Watch out for bogus Facebook phishing messages winging their way to your mailbox. The ruse is quite simple: The mail senders are relying on the recipient’s sense of panic to respond without thinking about it.
The mail looks professional enough, and seeks to imitate what would be a fairly typical looking message from Facebook. As for the panic aspect, the phishers have pinned the hopes of this attack onto the old faithful “Someone is trying to login as you, so you'd better do something about it ASAP” routine.
The mail itself combines a fairly clean design with minimal messaging. There’s a tendency with some phish attempts to overstuff the mail with all manner of nonsense to look more convincing. When that happens, we often see increasing amounts of typos or broken mail design. This one simply gets to the point. It reads as follows:
Someone tried to Iog into Your Account, User lD
A user just logged into your Facebook account from a new device Samsung S21. We are sending you this email to verify it's really you.
The Facebook Team
So far, so good. However, it goes a bit off the rails with the two clickable buttons presented. The first one says “Report the user” which makes sense. The second one just says “Yes, me” instead of something more plausible such as “Yes, it’s me” or even just “It was me”. This may set some alarm bells ringing.
What happens when you click the button(s)? The expected process is to be whisked away to a phishing page and enter your details. Not here. This one follows the same pattern as a mail we covered a little while ago.
You may remember the phish attempt claiming to have detected unusual sign-in activity from Russia. That mail didn’t bother with phishing pages. Instead, it popped open a pre-formatted mail in your client of choice for you to respond to the creators. Anybody replying would likely receive additional requests for login details or much more besides.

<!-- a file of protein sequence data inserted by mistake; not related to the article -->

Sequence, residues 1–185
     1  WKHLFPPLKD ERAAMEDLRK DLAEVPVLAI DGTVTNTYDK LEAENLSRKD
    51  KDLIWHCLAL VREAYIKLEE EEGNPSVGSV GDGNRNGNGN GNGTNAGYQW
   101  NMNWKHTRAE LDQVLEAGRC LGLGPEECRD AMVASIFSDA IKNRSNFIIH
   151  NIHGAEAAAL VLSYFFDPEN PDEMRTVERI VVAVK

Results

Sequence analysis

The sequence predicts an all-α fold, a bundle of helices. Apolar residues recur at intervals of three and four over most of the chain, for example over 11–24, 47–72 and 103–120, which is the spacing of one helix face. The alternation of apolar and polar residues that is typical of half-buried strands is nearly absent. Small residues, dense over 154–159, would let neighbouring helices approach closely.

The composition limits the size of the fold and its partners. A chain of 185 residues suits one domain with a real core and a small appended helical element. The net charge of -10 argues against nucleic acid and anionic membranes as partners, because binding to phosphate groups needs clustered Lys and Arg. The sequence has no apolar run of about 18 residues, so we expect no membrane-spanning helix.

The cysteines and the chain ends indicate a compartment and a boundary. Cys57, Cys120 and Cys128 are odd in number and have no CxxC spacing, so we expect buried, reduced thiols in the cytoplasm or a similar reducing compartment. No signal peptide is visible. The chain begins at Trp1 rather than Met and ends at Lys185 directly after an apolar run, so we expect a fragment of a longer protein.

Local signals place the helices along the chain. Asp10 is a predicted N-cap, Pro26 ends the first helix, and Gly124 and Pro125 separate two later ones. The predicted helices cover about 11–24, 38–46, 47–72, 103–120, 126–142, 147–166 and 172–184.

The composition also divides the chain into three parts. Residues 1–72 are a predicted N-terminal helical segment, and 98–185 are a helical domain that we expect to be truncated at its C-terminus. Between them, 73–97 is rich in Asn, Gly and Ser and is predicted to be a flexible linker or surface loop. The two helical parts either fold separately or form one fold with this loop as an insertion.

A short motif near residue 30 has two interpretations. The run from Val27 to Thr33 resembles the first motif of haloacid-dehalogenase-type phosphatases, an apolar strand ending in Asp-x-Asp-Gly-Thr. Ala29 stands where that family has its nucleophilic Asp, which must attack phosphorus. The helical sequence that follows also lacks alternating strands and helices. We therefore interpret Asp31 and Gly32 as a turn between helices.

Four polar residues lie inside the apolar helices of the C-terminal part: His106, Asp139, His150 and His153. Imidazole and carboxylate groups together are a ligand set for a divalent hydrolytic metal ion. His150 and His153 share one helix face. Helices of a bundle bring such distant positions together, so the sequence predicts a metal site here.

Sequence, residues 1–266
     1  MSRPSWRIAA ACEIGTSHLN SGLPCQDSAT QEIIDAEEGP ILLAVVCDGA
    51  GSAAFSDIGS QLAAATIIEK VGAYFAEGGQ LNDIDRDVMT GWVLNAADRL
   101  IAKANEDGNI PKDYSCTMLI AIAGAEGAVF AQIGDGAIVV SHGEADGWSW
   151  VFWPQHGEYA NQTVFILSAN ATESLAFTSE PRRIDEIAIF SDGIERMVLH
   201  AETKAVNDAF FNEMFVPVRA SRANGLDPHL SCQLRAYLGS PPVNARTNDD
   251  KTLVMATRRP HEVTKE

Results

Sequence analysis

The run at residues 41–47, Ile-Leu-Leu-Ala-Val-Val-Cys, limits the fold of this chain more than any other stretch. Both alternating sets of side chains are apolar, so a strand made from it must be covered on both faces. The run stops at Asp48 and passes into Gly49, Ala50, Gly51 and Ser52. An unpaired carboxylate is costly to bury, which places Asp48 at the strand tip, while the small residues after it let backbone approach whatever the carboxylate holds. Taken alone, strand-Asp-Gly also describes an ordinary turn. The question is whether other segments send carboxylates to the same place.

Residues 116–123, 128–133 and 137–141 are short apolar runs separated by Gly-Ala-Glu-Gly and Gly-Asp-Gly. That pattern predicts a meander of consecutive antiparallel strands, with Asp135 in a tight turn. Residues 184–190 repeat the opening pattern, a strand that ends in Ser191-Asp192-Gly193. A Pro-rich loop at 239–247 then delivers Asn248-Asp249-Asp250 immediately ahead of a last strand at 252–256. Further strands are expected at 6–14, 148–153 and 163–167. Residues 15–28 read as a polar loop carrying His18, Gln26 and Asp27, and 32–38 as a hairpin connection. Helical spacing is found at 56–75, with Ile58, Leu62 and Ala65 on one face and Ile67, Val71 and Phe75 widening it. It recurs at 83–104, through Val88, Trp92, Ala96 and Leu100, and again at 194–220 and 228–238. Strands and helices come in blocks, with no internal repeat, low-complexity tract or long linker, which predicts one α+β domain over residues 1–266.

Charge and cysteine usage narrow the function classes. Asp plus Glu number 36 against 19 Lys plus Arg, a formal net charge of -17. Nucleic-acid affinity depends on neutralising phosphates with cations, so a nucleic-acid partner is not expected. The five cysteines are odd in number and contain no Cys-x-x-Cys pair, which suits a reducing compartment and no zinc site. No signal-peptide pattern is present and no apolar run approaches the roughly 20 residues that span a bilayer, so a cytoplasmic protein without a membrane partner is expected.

This phish follows the same path, opening one of two pre-filled response styles depending on which button you select. "Report the user" is the most interesting one, pre-filling the subject line as “Send statement”.
What is sent back may be a booby-trapped document of some kind, or perhaps phishing done through a form. It’s also possible the dialogue will simply continue via mail. Whatever they’re up to, they should be treated with the cold shoulder they so richly deserve.
Go to the source
Always remember to navigate directly to the sender of supposed security alerts. If it's genuine, you should be able to address whatever issue you've been sent. If there's no sign of it, consider sending it along to them directly. It may be a scam sample they've not seen before, and this can in turn help them to protect a wider userbase. Above all else: don't panic, because this is how attackers can trick you into doing something you'll regret.
Report, block, and go about your day.